Please use this identifier to cite or link to this item: http://hdl.handle.net/10790/2607

Arthropods of Rose Atoll with special reference to ants and Pulvinaria urbicola scales (Hemiptera: coccidae) on Pisonia grandis trees.

File SizeFormat 
HCSUTR057_Peck_RoseAtollb.pdf1.61 MBAdobe PDFView/Open

Item Summary

Title: Arthropods of Rose Atoll with special reference to ants and Pulvinaria urbicola scales (Hemiptera: coccidae) on Pisonia grandis trees.
Authors: Peck, Robert
Banko, Paul
Pendleton, Frank
Schmaedick, Mark
Ernsberger, Kelsie
Keywords: Samoan Archipelago, facultative relationship, ants, scale
Issue Date: 24 Jan 2016
Series/Report no.: TR-057
Abstract: Rose Atoll, at the eastern end of the Samoan Archipelago, is a small but important refuge for seabirds, shorebirds, and sea turtles. While the vertebrate community is relatively well-studied, the terrestrial arthropod fauna, and its role in ecosystem function, are poorly known. Arthropods may be influencing the decline of Pisonia grandis, an ecologically important tree that once dominated the 6.6 ha of land on Rose Atoll. Reasons for the decline are not fully understood but a facultative relationship between two invasive arthropods, the soft scale Pulvinaria urbicola and ants, likely has contributed to tree death. The primary objectives of this study were to systematically survey the terrestrial arthropod fauna and identify ant species that tend scales on Pisonia. Using an array of standard arthropod collecting techniques, at least 73 species from 20 orders were identified, including nine ant species. Of the ants collected, only Tetramorium bicarinatum and T. simillimum were observed tending scales on Pisonia. No known natural enemies of Pulvinaria scales were found, suggesting little predation on scale populations. Treatment of Pisonia with the systemic insecticide imidacloprid failed to eliminate Pulvinaria scales, although short-term suppression apparently occurred. The arthropod fauna of Rose Atoll is dominated by exotic species that likely have a significant impact on the structure and function of the island’s ecosystem.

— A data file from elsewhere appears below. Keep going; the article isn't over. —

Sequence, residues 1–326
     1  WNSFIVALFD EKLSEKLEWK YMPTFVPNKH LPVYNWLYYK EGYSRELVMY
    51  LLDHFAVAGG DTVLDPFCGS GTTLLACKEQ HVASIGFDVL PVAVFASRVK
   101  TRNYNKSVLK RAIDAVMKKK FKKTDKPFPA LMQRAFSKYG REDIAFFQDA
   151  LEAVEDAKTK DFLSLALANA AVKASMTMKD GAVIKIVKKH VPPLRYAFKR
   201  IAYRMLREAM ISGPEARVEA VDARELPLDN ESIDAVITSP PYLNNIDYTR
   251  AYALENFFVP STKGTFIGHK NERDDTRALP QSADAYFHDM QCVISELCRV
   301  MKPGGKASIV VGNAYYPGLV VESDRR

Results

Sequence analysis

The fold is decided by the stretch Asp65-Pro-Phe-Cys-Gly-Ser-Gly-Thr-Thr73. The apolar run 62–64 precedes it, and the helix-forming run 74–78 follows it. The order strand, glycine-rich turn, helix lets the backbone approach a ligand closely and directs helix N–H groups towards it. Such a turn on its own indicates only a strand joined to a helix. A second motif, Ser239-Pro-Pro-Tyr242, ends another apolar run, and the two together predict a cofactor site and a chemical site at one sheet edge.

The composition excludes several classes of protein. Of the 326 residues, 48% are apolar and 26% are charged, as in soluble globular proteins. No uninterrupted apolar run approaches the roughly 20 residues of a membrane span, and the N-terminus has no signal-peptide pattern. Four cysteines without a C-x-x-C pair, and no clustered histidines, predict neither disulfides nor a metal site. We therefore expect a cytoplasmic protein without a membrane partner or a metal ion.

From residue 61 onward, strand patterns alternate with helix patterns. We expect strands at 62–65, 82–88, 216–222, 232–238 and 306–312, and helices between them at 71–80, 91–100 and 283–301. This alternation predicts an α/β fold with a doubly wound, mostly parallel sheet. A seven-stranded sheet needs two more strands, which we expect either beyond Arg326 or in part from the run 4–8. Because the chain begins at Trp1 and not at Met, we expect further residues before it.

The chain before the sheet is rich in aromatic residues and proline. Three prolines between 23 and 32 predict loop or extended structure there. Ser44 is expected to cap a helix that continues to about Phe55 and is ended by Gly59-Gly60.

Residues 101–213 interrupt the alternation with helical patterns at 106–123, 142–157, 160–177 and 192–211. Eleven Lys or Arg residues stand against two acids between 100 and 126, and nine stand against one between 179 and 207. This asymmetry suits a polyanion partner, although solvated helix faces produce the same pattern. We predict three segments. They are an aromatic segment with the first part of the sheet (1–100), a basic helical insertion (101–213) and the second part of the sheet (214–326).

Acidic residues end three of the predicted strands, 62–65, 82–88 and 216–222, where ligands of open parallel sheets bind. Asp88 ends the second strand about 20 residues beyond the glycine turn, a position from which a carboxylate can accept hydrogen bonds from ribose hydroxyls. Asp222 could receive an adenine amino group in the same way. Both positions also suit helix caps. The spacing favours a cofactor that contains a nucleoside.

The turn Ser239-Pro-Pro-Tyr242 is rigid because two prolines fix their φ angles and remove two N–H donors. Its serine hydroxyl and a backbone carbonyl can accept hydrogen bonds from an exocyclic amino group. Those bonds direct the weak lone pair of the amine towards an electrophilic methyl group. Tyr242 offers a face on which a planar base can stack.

Pages/Duration: 25
URI/DOI: http://hdl.handle.net/10790/2607
Appears in Collections:Hawaii Cooperative Studies Unit (HCSU)



Items in UH System Repository are protected by copyright, with all rights reserved, unless otherwise indicated.